Members of the Gujjar community block a railway track during a demonstration at Pilupura village in Bharatpur district in the desert Indian state of Rajasthan December 27, 2010. Hundreds of protesters from the Gujjar community on Monday protested to press their demand for Scheduled Tribe status, which would benefit them with government jobs and education opportunities, protesters said. REUTERS/Stringer (INDIA - Tags: POLITICS CIVIL UNREST)
  •  - People buy home utensils at a state market in Havana

    People buy home utensils at a state market in Havana

    Posted: 11/13/2010 7:21:20 PM EST
    People buy home utensils at a state market in Havana November 13, 2010. Cuba's President Raul Castro promised to improve the daily lives of Cubans and has focused on economic improvement, including major reforms announced in September to cut a million government jobs and expand the private sector by granting 250,000 new licenses for self-employment. The guidelines include reforms already begun by Raul Castro -- among them the reduction of the state's role in the society and the decentralization of agricultural management. REUTERS/Desmond Boylan (CUBA - Tags: SOCIETY BUSINESS)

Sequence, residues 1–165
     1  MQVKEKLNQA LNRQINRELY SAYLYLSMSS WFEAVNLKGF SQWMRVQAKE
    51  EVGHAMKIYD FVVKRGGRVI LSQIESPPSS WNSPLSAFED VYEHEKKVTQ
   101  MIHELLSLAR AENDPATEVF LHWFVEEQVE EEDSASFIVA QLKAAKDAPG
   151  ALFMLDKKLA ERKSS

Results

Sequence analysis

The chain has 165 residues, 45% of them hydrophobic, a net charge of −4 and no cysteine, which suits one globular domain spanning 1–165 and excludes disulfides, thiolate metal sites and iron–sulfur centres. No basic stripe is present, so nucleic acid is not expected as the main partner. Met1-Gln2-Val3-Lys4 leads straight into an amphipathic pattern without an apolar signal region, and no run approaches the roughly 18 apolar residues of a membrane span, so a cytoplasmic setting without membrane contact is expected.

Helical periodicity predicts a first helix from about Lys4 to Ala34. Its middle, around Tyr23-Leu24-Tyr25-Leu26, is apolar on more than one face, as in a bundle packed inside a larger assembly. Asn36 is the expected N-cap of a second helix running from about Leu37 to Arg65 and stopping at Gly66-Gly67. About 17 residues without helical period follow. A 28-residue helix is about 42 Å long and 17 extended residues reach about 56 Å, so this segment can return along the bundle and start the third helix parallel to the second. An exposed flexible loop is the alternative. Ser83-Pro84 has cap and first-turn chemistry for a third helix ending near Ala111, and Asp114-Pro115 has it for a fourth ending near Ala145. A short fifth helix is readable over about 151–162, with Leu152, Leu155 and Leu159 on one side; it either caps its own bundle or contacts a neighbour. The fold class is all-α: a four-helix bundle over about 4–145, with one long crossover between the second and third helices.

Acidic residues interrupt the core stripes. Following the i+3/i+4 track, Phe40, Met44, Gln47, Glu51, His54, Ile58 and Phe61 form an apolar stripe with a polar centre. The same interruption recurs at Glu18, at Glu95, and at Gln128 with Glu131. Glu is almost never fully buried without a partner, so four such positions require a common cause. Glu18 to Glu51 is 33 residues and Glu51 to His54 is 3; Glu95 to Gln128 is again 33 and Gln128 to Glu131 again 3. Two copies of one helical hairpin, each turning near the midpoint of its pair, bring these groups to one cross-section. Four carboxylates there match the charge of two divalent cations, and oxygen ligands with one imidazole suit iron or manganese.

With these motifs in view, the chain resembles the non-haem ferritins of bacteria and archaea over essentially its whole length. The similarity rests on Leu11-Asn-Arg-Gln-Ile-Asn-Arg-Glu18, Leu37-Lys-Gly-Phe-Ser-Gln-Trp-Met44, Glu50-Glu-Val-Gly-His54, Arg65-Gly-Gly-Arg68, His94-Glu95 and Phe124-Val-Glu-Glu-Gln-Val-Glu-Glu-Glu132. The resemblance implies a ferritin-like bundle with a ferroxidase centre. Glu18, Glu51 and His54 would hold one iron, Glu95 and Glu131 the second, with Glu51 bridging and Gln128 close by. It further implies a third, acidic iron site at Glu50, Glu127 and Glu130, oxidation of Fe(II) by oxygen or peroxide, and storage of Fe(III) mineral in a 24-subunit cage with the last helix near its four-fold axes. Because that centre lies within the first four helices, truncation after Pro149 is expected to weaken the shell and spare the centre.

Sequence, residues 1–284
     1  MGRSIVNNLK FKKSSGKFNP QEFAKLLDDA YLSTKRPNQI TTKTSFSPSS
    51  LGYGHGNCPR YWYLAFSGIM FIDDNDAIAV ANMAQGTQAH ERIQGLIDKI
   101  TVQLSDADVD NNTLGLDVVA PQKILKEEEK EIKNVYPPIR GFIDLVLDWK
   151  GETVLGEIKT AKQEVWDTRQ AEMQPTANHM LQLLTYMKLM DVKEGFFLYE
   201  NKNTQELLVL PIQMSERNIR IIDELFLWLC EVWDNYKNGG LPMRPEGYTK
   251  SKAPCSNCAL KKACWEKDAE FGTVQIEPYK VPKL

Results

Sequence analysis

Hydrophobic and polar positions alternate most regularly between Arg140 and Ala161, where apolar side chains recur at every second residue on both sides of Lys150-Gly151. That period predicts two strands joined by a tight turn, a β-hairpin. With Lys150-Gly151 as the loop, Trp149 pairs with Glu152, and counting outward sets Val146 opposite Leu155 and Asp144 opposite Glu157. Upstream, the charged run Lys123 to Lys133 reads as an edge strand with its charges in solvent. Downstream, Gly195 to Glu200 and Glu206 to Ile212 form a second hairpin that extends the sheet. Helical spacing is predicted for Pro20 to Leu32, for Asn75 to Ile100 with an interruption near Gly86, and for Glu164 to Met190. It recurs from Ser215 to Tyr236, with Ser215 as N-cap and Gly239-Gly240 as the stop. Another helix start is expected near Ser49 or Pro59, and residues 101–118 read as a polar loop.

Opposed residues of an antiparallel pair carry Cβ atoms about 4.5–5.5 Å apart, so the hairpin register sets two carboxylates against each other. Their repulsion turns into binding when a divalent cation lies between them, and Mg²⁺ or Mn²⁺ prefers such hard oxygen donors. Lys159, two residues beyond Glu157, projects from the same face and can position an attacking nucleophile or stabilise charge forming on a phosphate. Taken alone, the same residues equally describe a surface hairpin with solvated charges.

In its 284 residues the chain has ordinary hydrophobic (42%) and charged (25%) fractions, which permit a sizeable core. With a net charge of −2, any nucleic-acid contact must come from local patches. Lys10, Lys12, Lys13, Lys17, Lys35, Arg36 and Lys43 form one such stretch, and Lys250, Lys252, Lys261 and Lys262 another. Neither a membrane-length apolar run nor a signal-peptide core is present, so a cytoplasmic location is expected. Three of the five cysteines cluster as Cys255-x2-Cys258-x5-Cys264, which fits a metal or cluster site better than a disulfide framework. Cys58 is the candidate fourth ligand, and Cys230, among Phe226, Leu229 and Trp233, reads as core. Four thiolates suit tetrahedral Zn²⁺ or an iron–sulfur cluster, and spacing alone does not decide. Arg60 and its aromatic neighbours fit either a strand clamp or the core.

•  - "Banjara" or nomad women, dressed in traditional attires, take part in a rally in Mumbai demanding a special tribal status

    "Banjara" or nomad women, dressed in traditional attires, take part in a rally in Mumbai demanding a special tribal status

    Posted: 9/18/2010 9:59:46 AM EST
    "Banjara" or nomad women, dressed in traditional attires, take part in a rally in Mumbai demanding a special tribal status in order to secure quotas for government jobs and colleges seats September 18, 2010. REUTERS/Danish Siddiqui (INDIA - Tags: POLITICS SOCIETY)
  •  - Muslim children share a light moment during a sit in protest in New Delhi

    Muslim children share a light moment during a sit in protest in New Delhi

    Posted: 8/11/2006 2:57:22 AM EST
    ATTENTION EDITORS: CLARIFYING CAPTION Muslim children share a light moment during a sit-in protest by Muslim groups to demand reservations in government jobs similar to those for lower-caste Hindus in New Delhi, August 10, 2006. REUTERS/Kamal Kishore (INDIA)